MINNEAPOLIS – Burton M. Joseph, chief executive officer of the I.S. Joseph Company, Inc., died April 14. He was 91 years old.

While Mr. Joseph is best remembered as a grain exporter, the Minneapolis-based Joseph Company had investments in approximately 30 operating agribusiness companies. The companies were engaged in the grain and feed ingredient business, export and domestic, involving processing, storage and marketing.

Mr. Joseph is credited with playing a pivotal early role in 1963 in the initial purchases of U.S. grain by the U.S.S.R. The sales, which set the stage for the Russian Wheat Deal, began when the Soviet Union was grappling with four poor harvests in a five-year period. At the time, the Soviets were negotiating grain purchases from Australia and Canada.

In his 1973 book “Amber Waves of Grain” about the Soviet wheat purchases, James Trager described Mr. Burton’s role 10 years earlier:

“A Minneapolis feed grain dealer, Burton M. Joseph, heard the Russians were in Ottawa. His wife, Geri, now a contributing editor of the Minneapolis Tribune, was vice-chairman of the Democratic National Committee and a power in New Frontier circles. That gave Burton Joseph entree to John F. Kennedy’s agriculture secretary, Orville L. Freeman, and he persuaded Freeman that selling grain to Russia could be good for America. He proposed that a consortium of U.S. grain companies go to Canada and work out a deal with the Russians.”

Mr. Joseph led the team of exporters to Canada for discussions. Ambitious plans early on were delayed and diminished by political opposition, labor problems and the assassination of President Kennedy. But shipments of grain to the U.S.S.R. began in 1964.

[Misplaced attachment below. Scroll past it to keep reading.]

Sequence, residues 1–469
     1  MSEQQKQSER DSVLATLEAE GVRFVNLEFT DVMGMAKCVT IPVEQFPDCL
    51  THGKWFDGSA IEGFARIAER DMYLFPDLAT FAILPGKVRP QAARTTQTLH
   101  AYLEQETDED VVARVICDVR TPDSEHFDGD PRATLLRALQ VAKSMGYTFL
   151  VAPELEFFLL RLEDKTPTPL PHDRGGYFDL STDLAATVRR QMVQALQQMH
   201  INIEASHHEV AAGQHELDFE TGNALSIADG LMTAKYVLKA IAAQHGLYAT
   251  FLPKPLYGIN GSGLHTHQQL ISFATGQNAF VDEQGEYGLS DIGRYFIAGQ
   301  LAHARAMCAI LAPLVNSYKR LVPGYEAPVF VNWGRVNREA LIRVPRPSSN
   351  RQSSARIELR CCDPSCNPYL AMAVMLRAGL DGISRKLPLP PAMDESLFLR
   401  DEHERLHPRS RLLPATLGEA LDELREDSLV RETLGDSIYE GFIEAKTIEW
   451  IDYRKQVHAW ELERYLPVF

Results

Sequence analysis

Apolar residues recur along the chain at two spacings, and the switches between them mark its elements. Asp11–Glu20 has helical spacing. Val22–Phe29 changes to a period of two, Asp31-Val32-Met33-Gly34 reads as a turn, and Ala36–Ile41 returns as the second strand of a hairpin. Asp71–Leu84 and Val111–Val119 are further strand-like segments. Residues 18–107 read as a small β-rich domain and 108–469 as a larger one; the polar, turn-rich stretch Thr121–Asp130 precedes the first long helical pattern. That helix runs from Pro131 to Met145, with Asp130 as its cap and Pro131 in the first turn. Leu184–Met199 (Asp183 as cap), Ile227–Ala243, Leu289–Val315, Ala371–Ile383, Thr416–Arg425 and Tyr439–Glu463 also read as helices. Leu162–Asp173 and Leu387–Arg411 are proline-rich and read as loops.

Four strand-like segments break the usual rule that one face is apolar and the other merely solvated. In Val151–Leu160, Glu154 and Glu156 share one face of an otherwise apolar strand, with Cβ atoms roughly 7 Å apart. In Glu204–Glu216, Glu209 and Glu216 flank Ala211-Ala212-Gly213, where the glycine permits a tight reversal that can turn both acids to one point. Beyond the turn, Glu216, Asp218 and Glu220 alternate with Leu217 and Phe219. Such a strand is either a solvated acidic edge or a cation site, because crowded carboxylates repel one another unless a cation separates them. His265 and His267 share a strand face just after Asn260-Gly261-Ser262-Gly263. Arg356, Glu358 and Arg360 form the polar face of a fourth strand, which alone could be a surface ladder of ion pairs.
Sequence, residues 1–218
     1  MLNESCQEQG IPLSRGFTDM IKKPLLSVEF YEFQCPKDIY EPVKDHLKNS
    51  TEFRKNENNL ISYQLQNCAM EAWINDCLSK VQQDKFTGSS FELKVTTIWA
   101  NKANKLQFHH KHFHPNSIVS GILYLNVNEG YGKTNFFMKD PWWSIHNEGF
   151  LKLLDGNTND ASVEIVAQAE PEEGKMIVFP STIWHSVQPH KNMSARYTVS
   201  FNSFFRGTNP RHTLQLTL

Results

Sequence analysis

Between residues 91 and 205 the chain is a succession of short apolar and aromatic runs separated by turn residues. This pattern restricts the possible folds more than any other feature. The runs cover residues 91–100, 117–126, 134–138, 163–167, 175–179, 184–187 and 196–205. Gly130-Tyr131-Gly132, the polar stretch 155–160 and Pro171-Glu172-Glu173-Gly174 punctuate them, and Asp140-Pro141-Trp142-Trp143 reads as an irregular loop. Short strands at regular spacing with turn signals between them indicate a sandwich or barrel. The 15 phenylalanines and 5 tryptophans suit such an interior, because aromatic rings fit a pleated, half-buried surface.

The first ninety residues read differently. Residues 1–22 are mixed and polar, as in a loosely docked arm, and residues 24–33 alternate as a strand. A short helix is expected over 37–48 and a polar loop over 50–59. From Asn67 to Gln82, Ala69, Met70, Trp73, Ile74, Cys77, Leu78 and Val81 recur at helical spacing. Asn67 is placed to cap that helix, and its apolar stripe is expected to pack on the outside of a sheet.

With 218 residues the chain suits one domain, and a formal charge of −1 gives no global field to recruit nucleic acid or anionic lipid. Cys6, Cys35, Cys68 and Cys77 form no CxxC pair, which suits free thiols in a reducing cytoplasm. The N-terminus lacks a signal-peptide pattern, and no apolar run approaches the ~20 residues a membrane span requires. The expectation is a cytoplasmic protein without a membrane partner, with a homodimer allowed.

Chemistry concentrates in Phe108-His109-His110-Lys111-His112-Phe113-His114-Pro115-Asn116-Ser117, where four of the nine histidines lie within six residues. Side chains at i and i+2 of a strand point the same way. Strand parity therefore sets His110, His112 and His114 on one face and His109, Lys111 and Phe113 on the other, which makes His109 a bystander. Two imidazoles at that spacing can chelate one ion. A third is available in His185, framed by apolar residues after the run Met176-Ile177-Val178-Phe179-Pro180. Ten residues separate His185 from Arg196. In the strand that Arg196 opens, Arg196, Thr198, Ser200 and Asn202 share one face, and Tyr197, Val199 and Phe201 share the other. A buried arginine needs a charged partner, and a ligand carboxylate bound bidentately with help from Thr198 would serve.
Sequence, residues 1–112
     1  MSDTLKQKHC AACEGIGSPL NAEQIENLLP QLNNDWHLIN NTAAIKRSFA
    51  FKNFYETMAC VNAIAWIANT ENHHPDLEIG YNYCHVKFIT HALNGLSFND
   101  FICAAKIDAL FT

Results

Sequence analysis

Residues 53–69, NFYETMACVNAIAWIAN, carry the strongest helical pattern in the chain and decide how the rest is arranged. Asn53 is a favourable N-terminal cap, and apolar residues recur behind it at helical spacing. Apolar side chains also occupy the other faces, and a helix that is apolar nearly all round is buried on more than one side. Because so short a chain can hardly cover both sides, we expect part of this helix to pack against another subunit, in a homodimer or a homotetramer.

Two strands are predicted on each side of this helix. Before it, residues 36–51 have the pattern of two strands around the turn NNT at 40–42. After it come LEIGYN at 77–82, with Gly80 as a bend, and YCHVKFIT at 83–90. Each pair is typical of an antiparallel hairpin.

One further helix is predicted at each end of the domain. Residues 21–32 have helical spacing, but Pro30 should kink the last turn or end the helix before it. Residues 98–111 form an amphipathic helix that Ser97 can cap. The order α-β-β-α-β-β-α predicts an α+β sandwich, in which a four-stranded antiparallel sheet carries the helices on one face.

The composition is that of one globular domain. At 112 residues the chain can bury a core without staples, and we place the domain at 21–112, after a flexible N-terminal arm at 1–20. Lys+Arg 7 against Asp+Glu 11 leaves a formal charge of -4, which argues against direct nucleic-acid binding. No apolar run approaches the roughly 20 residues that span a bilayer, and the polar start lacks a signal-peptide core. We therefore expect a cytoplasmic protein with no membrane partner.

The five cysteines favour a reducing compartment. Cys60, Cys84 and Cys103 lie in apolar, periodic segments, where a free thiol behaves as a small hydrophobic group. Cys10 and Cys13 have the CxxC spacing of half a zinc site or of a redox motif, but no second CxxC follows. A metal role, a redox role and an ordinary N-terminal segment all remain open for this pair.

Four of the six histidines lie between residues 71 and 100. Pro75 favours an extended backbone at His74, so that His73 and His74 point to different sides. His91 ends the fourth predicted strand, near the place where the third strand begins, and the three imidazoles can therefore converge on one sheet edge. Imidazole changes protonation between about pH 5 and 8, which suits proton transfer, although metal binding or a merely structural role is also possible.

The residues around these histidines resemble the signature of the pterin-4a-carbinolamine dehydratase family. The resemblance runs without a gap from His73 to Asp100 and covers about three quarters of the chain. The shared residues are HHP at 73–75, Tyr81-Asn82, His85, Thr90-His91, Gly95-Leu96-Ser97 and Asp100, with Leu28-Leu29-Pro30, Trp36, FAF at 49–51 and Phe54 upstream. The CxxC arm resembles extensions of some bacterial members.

A Minneapolis native, Mr. Burton graduated from the University of Minnesota with a bachelor’s degree in agricultural biochemistry.

He was a pilot in the U.S. Air Force, serving in World War II and the Korean War and holding the rank of lieutenant.

Active in civic, religious and business affairs, Mr. Burton was a member of a Secretary of Agriculture Advisory Committee and was a member of the Department of Agricultural Policy Advisory Committee for Trade.

He was active with the American Freedom from Hunger Foundation and Mt. Sinai Hospital, Temple Israel and the Guthrie Theater in Minneapolis. He was a national chairman of the Anti-Defamation League.

Mr. Joseph was predeceased by his parents, I.S. and Anna K. Joseph, and a daughter, Shelley Joseph-Kordell. He is survived by his wife of nearly 60 years, Geri M. Joseph; sons, Scott Joseph and Jon Joseph; grandchildren; four great-grandchildren; and many nieces and nephews.

Services were held March 20 at Temple Israel in Minneapolis. Memorials may be sent to the Shelley Joseph-Kordell Memorial Scholarship Fund 7158, University of Minnesota Foundation, P.O. Box 70870, St. Paul, MN. 55170-3854.